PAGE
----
To avoid incurring unnecessary expenses, it's important to have the ability to stop generations in the middle of a completion. This can easily be achieved by using an AbortController.

To further enhance the user experience, it's a good idea to disable and enable the Generate and Stop buttons appropriately. We've included the complete JavaScript file below, but make sure to replace your API key if you decide to use this code.

const API_URL = "<https://api.openai.com/v1/chat/completions>";
const API_KEY = "YOUR_API_KEY";

const promptInput = document.getElementById("promptInput");
const generateBtn = document.getElementById("generateBtn");
const stopBtn = document.getElementById("stopBtn");
const resultText = document.getElementById("resultText");

let controller = null; // Store the AbortController instance

const generate = async () => {
  // Alert the user if no prompt value
  if (!promptInput.value) {
    alert("Please enter a prompt.");
    return;
  }

  // Disable the generate button and enable the stop button
  generateBtn.disabled = true;
  stopBtn.disabled = false;
  resultText.innerText = "Generating...";

  // Create a new AbortController instance
  controller = new AbortController();
  const signal = controller.signal;

  try {
    // Fetch the response from the OpenAI API with the signal from AbortController
    const response = await fetch(API_URL, {
      method: "POST",
      headers: {
        "Content-Type": "application/json",
        Authorization: `Bearer ${API_KEY}`,
      },
      body: JSON.stringify({
        model: "gpt-3.5-turbo",
        messages: [{ role: "user", content: promptInput.value }],
        max_tokens: 100,
        stream: true, // For streaming responses
      }),
      signal, // Pass the signal to the fetch request
    });

    // Read the response as a stream of data
    const reader = response.body.getReader();
    const decoder = new TextDecoder("utf-8");
    resultText.innerText = "";

    while (true) {
      const { done, value } = await reader.read();
      if (done) {
        break;
      }
      // Massage and parse the chunk of data
      const chunk = decoder.decode(value);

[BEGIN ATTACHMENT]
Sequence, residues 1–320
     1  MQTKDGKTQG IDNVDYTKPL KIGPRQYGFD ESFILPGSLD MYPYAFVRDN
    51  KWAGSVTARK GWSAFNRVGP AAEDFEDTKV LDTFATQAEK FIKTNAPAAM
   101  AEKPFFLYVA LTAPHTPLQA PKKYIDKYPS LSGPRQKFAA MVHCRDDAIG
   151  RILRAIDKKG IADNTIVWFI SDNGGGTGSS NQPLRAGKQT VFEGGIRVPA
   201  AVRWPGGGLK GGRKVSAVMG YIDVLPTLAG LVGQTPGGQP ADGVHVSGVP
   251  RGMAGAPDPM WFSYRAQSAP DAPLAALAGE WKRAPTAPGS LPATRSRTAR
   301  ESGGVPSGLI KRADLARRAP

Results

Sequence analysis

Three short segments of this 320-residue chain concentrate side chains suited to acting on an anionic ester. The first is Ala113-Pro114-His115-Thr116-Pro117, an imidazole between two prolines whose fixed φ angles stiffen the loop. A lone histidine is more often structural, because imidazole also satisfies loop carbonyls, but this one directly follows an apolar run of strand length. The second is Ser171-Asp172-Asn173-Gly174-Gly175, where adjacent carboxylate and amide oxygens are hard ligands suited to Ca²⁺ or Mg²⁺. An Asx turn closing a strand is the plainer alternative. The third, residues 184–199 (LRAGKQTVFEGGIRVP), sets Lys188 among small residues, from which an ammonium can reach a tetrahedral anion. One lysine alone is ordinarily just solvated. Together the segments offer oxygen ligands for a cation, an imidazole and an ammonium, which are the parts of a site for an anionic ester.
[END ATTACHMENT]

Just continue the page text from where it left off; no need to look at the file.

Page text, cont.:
const lines = chunk.split("\\n");
      const parsedLines = lines
        .map((line) => line.replace(/^data: /, "").trim()) // Remove the "data: " prefix
        .filter((line) => line !== "" && line !== "[DONE]") // Remove empty lines and "[DONE]"
        .map((line) => JSON.parse(line)); // Parse the JSON string

      for (const parsedLine of parsedLines) {
        const { choices } = parsedLine;
        const { delta } = choices[0];
        const { content } = delta;
        // Update the UI with the new content
        if (content) {
          resultText.innerText += content;
        }
      }
    }
  } catch (error) {
    // Handle fetch request errors
    if (signal.aborted) {
      resultText.innerText = "Request aborted.";
    } else {
      console.error("Error:", error);
      resultText.innerText = "Error occurred while generating.";
    }
  } finally {
    // Enable the generate button and disable the stop button
    generateBtn.disabled = false;
    stopBtn.disabled = true;
    controller = null; // Reset the AbortController instance
  }
};

const stop = () => {
  // Abort the fetch request by calling abort() on the AbortController instance
  if (controller) {
    controller.abort();
    controller = null;
  }
};

promptInput.addEventListener("keyup", (event) => {
  if (event.key === "Enter") {
    generate();
  }
});
generateBtn.addEventListener("click", generate);
stopBtn.addEventListener("click", stop);

Here’s the complete source code for your reference.